"Wilfred" ended its first season tonight, and I have a review of the finale (and thoughts on the season as a whole) coming up just as soon as I smell like conniving...
HBO has ordered Aaron Sorkin's untitled drama series about cable news to series, premiere date TBD.
The project features an impressive cast, including Jeff Daniels as the anchor, Emily Mortimer as his new producer, Alison Pill, Olivia Munn and Dev Patel as newsroom staffers and Sam Waterston as the wise boss. (Looking at this from a distance, the Sorkin shorthand seems as follows: Daniels is Casey, Mortimer is Dana, Pill and/or Munn is Natalie, Patel Jeremy, and Waterston a hybrid of Isaac and Leo.)
When it became clear that Aaron Sorkin's "Studio 60 on the Sunset Strip" wasn't working - in part, but not entirely, because the show-within-the-show never seemed nearly as funny as the characters insisted it was - a sentiment arose that viewers wish he had just taken the "Sports Night" approach to life at a cable news channel, rather than sketch comedy. Now he is, and with the backing of HBO plus the authority that comes with winning an Oscar for writing "The Social Network."
The 2011 Primetime Emmy Awards are on September 18th, and it's time once again for Fienberg and I to discuss whom we think should and will win(*) some of the major categories. Next up is a twofer: Outstanding Directing for a Comedy Series and Outstanding Directing for a Drama Series.
Demands on my time for the start of the TV season are once again keeping me from doing much more with "The Hour" than providing this space for everybody to discuss their reaction to the latest episode. (And, as of now, this is the last one I've seen in advance, so I may not even be able to do this much for the last two installments; at least, not in as timely a fashion.)
The fourth episode kept pushing both the spy story and the love triangle, and thus far I'm much more invested in the personal material, and whatever is happening with the show itself, than I am with Freddie's investigation into Kish, double agents and whatnot. Keeping in mind that we're not going to discuss anything from the final two episodes (which already aired in the UK), what did everybody else think of this one?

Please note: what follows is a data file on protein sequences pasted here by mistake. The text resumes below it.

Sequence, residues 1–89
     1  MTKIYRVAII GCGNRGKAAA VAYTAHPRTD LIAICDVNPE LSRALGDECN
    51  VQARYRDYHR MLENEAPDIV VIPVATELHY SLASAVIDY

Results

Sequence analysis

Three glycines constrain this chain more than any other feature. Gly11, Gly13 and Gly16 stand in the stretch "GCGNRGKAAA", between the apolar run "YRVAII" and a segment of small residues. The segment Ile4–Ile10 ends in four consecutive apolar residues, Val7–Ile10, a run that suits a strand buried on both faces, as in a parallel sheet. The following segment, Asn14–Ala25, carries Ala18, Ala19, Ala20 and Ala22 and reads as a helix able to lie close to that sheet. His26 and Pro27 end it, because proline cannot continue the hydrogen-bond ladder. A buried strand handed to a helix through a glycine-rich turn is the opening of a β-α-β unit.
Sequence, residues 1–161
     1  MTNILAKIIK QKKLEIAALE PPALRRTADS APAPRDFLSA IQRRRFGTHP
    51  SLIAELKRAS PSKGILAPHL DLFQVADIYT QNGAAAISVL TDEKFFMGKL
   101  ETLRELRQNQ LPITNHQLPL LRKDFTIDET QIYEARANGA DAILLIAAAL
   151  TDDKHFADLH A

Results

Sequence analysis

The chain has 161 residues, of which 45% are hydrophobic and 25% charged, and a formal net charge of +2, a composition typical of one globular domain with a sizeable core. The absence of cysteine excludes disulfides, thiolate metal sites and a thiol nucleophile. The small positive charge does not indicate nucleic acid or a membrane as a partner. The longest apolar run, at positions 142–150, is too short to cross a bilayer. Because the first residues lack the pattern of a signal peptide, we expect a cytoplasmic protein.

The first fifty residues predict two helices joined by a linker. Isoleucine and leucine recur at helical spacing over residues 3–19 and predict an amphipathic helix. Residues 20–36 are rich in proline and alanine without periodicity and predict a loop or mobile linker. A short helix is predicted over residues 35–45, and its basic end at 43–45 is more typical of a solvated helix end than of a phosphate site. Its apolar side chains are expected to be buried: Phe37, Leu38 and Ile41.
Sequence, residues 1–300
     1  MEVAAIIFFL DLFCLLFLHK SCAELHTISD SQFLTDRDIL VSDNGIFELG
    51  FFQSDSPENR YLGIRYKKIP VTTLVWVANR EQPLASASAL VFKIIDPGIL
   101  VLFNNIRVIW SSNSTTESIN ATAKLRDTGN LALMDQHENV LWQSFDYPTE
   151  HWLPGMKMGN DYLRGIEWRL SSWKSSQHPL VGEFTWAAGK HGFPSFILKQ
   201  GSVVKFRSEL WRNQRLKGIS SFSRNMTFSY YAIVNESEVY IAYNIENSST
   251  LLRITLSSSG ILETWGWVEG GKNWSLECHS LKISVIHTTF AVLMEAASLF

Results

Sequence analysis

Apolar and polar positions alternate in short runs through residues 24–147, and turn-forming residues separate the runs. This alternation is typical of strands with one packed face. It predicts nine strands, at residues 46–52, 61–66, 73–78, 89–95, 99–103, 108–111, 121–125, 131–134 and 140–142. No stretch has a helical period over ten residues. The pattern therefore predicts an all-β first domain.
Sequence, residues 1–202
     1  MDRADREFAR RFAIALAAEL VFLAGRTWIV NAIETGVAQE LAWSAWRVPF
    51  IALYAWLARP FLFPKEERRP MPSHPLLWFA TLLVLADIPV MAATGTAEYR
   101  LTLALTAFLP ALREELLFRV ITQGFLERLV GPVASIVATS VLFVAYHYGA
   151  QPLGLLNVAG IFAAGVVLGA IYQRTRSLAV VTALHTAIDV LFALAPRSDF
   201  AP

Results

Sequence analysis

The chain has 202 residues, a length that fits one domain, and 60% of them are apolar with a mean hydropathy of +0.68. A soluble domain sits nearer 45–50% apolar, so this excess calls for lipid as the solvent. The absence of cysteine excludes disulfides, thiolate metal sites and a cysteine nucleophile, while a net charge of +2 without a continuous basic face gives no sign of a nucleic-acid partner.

After a week off and then a technical glitch yesterday, the Firewall & Iceberg Podcast returns with Dan and I looking ahead to the finales of "Wilfred," "Louie" and "Entourage," answering a whole lot of listener mail and then breaking down two "Breaking Bad" episodes. The rundown:
If you pay attention to latenight TV at all, you probably know that Uncle Frank, a fixture of "Jimmy Kimmel Live" from the very first episode, passed away recently. Frank Potenza was a retired New York cop and Kimmel's actual uncle, as opposed to those friends of your parents whom you call uncle.
He was also that rare breed on television: a truly genuine person.
The 2011 Primetime Emmy Awards are on Sunday, September 18th, and Fienberg and I are going to spend much of the next week and a half talking about who we think should win the major categories, and predicting who will. (Keep in mind that neither of us has an especially impressive track record at the latter, so please do not risk any of your actual money based on our guesses.)
First up: Outstanding Miniseries or Movie, the first time that miniseries and made-for-TV movies have been combined into one big category. (Acting, writing, directing, etc. for the two have been combined for years, and so few of either are made anymore that the Emmys just gave up the ghost on presenting two separate awards.)
Last week's "Rescue Me," the penultimate episode of the FX firefighting drama, spent most of its running time on the wedding of Tommy Gavin's eldest daughter Colleen to his colleague Black Shawn. It was a long sequence, alternately funny and unbearable. Then the episode segued rather abruptly into one of its hairiest, most riveting fire sequences ever, as Tommy and the rest of the guys on 62 Truck became trapped in an arson fire after turning away from a waiting escape ladder to try to rescue a few more civilians. Their only exit blocked, best friends Tommy and Lou faced each other, unsure of what to do next...
...and then the building blew up.
The episode was, in other words, seven seasons of "Rescue Me" in a nutshell: at times hilarious, at times obnoxious, and then so riveting that you will almost forgive it every one of its past sins.